Maximilism Style

It’s big, it’s bold and it’s back! We saw it creeping into interior design trends at the end of last year but fast forward through another rollercoaster year and Maximalism is truly back with a bang! For the past few years the interior design emphasis has been focused on the minimalist look, with Marie Kondo clear outs, fresh colour palettes and uncluttered spaces all trending. But like all good things, we knew it couldn’t top the charts forever. Enter: Maximalism.

Maximalist style is a rebellious reaction to the minimalist movement and has aspects and elements that are the polar opposite to minimalist components. White surfaces, minimally decorated walls, and quiet color palettes are a no-go for maximalism. When it comes to decor, the bigger, brighter, and busier the better. It’s not messy or random, as it’s often portrayed, but it’s also not perfect. What it is, is personal.


One of the key elements of maximalism is layering. The best way to adopt the more-is-more trend is to start slow. Adding color, patterned soft furnishings, and displaying sentimental pieces of decor is a good place to begin.

Layer 1: Walls and Floor

This trend promotes repetition, patterns, bold palettes and intricate graphic details. Maximalism is a style composed of mixing patterns and saturated colours but it doesn’t have to be loud and noisy. Look for wallpapers and curtains with repetitive patterns in prints such as florals, abstract, and animal prints. Textured rugs such as rag rugs with woven geometric designs work well in this style. Mix with rich, bold paint colours on your walls.

A fantastic way to incorporate the trend is to decorate your fifth wall, the ceiling! Don’t forget to add a statement light fixture. Paneled walls and tiled floors can also subtly introduce the style through their naturally repetitive patterns, opulent colours and high gloss finishes can add an extra dimension to your overall design.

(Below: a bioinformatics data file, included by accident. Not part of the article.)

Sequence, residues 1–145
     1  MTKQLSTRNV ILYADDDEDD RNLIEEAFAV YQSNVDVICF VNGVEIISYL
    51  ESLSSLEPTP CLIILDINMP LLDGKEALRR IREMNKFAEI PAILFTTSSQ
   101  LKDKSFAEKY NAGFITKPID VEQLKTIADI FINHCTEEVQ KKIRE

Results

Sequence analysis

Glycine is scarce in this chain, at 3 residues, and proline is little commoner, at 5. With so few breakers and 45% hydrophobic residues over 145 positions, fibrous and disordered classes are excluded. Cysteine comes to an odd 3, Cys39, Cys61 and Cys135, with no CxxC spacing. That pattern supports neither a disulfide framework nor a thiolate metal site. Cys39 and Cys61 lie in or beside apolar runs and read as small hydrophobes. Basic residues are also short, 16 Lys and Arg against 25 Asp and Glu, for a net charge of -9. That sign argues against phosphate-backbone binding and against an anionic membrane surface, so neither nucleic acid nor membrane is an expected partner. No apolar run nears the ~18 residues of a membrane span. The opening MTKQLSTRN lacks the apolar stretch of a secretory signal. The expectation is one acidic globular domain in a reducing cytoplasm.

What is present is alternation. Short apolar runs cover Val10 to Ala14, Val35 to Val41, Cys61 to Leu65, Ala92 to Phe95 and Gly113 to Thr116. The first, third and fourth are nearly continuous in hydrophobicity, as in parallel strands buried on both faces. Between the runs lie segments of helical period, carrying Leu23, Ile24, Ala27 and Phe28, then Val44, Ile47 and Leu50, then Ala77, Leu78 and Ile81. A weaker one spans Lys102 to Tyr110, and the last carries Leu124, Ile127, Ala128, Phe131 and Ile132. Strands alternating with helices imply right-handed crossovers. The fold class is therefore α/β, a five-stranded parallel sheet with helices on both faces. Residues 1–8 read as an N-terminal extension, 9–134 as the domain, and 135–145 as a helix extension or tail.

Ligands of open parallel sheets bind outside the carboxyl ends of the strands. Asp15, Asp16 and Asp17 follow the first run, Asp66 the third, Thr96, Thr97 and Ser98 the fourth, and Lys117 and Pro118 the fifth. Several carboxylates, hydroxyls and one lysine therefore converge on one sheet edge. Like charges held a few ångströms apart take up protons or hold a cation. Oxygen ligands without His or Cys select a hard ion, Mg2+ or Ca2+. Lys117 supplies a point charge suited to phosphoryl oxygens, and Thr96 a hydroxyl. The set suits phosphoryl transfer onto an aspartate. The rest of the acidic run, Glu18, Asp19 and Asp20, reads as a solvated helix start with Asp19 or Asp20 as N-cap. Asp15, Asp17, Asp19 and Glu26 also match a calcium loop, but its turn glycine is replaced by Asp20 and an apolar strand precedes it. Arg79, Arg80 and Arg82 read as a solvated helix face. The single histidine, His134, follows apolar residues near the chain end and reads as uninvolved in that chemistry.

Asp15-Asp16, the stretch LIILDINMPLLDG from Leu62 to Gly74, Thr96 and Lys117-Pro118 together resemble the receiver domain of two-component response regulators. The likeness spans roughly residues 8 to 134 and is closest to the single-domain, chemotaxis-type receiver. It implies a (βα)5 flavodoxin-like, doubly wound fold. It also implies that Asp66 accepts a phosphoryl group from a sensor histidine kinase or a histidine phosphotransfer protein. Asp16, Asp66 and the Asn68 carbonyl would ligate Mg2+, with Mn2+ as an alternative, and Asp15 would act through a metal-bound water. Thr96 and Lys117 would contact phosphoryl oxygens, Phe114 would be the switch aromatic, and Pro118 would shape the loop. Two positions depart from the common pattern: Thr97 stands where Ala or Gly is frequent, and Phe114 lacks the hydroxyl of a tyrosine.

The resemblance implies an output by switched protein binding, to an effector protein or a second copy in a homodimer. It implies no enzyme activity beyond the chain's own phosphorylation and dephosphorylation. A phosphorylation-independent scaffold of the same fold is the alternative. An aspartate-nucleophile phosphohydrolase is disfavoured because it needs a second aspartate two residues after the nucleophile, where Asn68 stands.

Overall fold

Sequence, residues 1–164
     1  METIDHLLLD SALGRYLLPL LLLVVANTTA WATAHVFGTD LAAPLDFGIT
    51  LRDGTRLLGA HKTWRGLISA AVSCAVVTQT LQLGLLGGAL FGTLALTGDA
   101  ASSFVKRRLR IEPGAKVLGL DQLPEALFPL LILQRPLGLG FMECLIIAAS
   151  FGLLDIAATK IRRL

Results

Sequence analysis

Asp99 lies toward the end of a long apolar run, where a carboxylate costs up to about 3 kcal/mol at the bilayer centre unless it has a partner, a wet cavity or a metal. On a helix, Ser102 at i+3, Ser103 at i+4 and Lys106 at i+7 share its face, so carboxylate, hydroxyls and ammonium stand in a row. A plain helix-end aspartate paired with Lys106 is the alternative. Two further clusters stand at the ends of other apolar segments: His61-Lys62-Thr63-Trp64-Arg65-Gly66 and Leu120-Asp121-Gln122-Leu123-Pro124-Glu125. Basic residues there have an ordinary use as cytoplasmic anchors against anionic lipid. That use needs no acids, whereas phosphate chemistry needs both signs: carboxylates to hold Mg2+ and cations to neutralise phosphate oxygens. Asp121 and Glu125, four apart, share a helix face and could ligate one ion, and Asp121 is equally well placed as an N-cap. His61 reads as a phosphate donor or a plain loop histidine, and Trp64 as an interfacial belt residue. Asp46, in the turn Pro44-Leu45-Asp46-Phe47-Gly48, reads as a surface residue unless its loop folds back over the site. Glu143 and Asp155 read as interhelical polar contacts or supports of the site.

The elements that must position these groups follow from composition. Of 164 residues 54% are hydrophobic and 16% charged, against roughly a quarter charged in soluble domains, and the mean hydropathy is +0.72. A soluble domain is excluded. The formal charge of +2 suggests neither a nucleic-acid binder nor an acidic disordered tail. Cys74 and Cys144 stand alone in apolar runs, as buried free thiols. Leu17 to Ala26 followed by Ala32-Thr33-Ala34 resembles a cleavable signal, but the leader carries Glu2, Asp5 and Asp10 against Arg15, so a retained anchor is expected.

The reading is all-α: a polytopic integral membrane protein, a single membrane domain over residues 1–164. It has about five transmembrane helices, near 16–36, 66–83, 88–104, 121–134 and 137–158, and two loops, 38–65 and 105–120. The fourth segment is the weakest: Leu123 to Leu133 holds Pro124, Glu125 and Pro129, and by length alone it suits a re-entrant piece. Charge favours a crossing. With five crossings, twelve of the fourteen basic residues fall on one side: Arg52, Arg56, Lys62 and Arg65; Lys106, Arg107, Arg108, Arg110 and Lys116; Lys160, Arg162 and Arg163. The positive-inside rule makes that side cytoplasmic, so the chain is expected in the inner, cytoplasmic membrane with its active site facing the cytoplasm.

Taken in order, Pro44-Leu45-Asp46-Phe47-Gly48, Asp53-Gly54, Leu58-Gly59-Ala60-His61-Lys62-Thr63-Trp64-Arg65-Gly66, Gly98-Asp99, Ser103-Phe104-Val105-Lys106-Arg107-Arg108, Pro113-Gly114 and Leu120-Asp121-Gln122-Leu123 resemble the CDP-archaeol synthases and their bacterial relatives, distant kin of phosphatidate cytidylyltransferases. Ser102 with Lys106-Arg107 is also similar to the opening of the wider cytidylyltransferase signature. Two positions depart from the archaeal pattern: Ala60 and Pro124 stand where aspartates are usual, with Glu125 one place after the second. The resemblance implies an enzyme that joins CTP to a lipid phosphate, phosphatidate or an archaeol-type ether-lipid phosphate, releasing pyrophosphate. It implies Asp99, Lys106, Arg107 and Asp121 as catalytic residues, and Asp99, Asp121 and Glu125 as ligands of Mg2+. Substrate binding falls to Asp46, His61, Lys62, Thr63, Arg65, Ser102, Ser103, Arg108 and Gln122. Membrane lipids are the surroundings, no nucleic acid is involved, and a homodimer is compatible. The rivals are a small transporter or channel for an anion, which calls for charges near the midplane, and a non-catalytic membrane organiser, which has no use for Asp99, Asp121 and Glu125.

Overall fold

Layer 2 – Furniture and Furnishings

Unique statement pieces and eclectic, non-matching furniture is the name of the game here. Combining rugs, cushions and curtains can be a great way to start curating a maximalist room. Add furniture in different patterns and saturated colours, each layer should share the story of your home or the people who occupy the space. Think about the personalities of who sits where, the places you’ve travelled and the adventures you’ve shared.

Skilled Furniture upcylers are a great starting point to help you make the most of what you have and take it from the mundane to an item that brings you joy.

Layer 3 – Making it your own.

This style is all about you and surrounding yourself with the things you love. It’s a mishmash of patterns, styles and textures, utilising your favourite items and putting them on show to be enjoyed. However, it is often a misconception that maximalism is an overstuffed space full of hoarded treasures. It isn’t about filling every square inch of your home with stuff. While it embraces the idea of excess, it’s not in the way you might think.

Select precious photographs, prized collections, and one-of-a-kind possessions which you may have acquired over time, often in a rainbow of colors, textures, and styles. Carefully curate these into sets or even a relaxed theme such as a travel, and display them so that each piece can be appreciated. Multiples of items like books, cushions, vintage glass bottles and plants all work well to help create your space. Large mirrors on wallpapered walls help keep the room from feeling overbearing.

Maximilism is about creating a space you love and can connect with, it’s about talking points and storytelling, it’s about you.

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